Saturday, March 20, 2010

Feeling Blue

I've pretty much got a one-track mind these days, and it has little to do with my garden and almost everything to do with the little bundle of joy who should be arriving in the next week or so. But that doesn't mean that I have completely ignored my garden, it just means I see my garden through rose-, I mean baby-colored, glasses.

As I look at my garden these days, I see that it is trying to tell me something that I've hitherto not known: whether I'm having a boy or a girl.

Blooming and perfuming the air like crazy are the Texas mountain laurels seen below and at the top of the post.While not technically blue, these blooms are pretty close to what constitutes blue in the gardening world.

Ditto for the blue, I mean grape, hyacinths.Next we've got the larkspur, which is on the verge of blooming and will definitely be blue: So far, that's three blue, zero pink.

Now we move to the less clear signs of gender. This iris bud should turn out more lavender than blue. Does that mean it's abstaining in the boy-or-girl debate?
The vast majority of my spiderwort seem to be leaning male, but these hot pink ones are desperately trying to get noticed:
This cutie is the bluest of all my blue plants and would be a clear indicator
IF it weren't named Veronica. A boy named Sue might be okay these days but a boy named Veronica? I don't think it'll happen.

And there's the baby blue eyes from Rachel at In Bloom, which really should be screaming boy:except for that pesky word "eyes." If the name were simply baby blue, then I could go ahead and buy some non-gender-neutral clothing. But "eyes" ruins my hypothesis. It's not even helpful in predicting the color of my baby's eyes. Aren't all babies born with blue eyes?

Of course, there is a distinct possibility that blue/purple flowers are my favorite and that I've perhaps planted the ground so to speak. But is it really a coincidence that the two pink roses I planted--Duchesse de Brabant and Belinda's Nightmare Dream--died? (I wasn't pregnant when I bought or killed them, but hey, maybe they knew something then that I didn't.)

In conclusion, after this scientific analysis of my blooms, I have decided that my garden seems to be suggesting that there's a 50 percent chance that I will have a boy.

Now if it could only be slightly more helpful in helping me come up with a potential name for a boy baby. Before next weekend, please.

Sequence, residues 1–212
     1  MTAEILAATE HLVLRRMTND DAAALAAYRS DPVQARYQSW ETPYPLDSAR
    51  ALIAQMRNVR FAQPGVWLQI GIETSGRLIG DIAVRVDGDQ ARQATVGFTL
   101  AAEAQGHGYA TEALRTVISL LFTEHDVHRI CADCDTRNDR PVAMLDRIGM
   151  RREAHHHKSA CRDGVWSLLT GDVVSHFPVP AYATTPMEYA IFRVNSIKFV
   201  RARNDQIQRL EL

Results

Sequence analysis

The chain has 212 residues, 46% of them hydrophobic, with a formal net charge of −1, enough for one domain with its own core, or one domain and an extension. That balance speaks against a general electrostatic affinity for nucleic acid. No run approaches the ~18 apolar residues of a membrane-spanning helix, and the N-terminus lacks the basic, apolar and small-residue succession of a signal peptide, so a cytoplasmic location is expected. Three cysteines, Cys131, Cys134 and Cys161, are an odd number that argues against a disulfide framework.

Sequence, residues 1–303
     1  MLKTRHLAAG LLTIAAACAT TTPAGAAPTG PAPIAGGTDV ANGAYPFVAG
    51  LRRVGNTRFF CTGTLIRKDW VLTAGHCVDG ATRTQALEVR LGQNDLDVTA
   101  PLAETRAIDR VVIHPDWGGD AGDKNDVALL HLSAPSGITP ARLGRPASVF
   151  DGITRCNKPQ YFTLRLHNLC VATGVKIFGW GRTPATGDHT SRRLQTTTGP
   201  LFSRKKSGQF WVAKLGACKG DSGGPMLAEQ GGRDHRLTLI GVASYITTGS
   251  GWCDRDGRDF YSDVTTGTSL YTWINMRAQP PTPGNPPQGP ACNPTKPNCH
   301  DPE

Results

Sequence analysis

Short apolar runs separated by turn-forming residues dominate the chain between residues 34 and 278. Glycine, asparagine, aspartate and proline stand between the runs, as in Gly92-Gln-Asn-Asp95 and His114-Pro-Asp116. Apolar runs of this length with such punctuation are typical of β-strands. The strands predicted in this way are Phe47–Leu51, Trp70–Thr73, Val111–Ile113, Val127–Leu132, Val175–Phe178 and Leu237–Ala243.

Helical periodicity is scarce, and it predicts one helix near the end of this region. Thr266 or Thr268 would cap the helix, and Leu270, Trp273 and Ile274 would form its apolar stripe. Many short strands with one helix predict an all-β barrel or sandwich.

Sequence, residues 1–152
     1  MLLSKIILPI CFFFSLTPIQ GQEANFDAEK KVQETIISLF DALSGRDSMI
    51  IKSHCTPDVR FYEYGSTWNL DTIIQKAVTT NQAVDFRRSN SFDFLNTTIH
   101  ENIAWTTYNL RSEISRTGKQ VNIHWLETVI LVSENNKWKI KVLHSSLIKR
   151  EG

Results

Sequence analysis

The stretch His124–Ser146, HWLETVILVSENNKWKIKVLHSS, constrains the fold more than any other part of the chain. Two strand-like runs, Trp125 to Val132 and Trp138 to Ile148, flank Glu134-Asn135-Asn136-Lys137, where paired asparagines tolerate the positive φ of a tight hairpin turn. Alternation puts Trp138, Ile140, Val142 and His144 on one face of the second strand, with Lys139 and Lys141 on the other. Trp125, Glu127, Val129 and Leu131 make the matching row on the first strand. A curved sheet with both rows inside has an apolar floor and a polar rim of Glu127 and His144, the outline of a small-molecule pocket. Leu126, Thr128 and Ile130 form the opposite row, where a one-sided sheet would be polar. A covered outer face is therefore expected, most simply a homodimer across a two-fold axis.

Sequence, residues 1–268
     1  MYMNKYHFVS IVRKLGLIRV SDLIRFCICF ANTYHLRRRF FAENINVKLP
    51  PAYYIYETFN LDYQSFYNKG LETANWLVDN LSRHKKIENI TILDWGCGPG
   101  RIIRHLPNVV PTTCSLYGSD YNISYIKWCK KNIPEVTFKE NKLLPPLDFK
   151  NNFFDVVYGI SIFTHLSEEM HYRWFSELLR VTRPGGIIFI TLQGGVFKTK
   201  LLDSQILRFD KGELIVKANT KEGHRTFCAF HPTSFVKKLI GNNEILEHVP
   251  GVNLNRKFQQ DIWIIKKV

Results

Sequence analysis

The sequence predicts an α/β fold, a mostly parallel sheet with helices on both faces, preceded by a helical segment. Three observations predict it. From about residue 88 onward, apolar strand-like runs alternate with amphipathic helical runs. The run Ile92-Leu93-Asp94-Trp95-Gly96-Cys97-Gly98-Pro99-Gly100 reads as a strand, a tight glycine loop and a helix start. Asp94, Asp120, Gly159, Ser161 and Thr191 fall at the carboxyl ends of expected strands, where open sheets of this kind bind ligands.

1. How clever of you. I suppose you have to look for signs anywhere you can, and those sure look like great ones in your garden.

  2. This is a very interesting method for determining if you are having a boy or a girl... one I've not heard of.

    Of course, I just naturally assumed that you would name the baby Vertie after you. It works for either a boy or a girl, doesn't it? Or perhaps you could name the baby Purslane, and call him Lane if a boy or Pursy if a girl?

    Watching your tweets every day for news...

  3. I wonder how the scientists would see this? Lovely blues, that's for sure. Can't wait to get the exciting news! This spring will be one to remember.

  4. Vertie, Since most "blue" flowers are truly more purple or lavender, as you pointed out, the color is really a mixture of blue and red (or pink, if I'm pushing it). So perhaps all the flowers are still ambiguous? Can't wait to find out!

  5. A springtime baby, how perfect!

  6. You know how I love those blue-purple blooms. Yours are lovely! You have lots more than I do at the moment.

    Looking forward to your baby news. I've always liked the name "Zane"...

  7. The usual tattletale flowers are yellow ones like dandelions saying you like butter or daisies bearing witness to true love, but maybe your blue will be true, Vertie ;-]

    With so many green names to choose from you'll need quintuplets! Gregory or Josiah for either Gregor Mendel or Josiah Gregg the Texas botanist; Johnny as in Appleseed; John as in either of the Tradescants (and after all, your spiderwort is Tradescantia); Carl/Charles/Carolus Linden/Linnaeus; or maybe Jean-Jacques as in Rousseau would add that touch of France LOL. Tom Spencer would be ultra Austin.

    Or in a twist on the way men's names are feminized to honor a man when a girl is born, you could let the male name Claude honor Claudia Alta Taylor AKA Lady Bird Johnson.

    Now I'll bet you're sorry you asked!

    Annie at the Transplantable Rose

    (Even the verification is trying to get into the act. Does "Nomeden" = Name Eden?

  8. I'll be keeping my eye on your blog to see whether the garden is a true predictor of a baby's sex. After all, long ago, they used to come from the cabbage patch.

  9. I found it interesting that your blog's name is Vert but the first post I've read here is called "feeling blue."

    Wishing you an easy labor and a healthy baby, whatever its sex. :)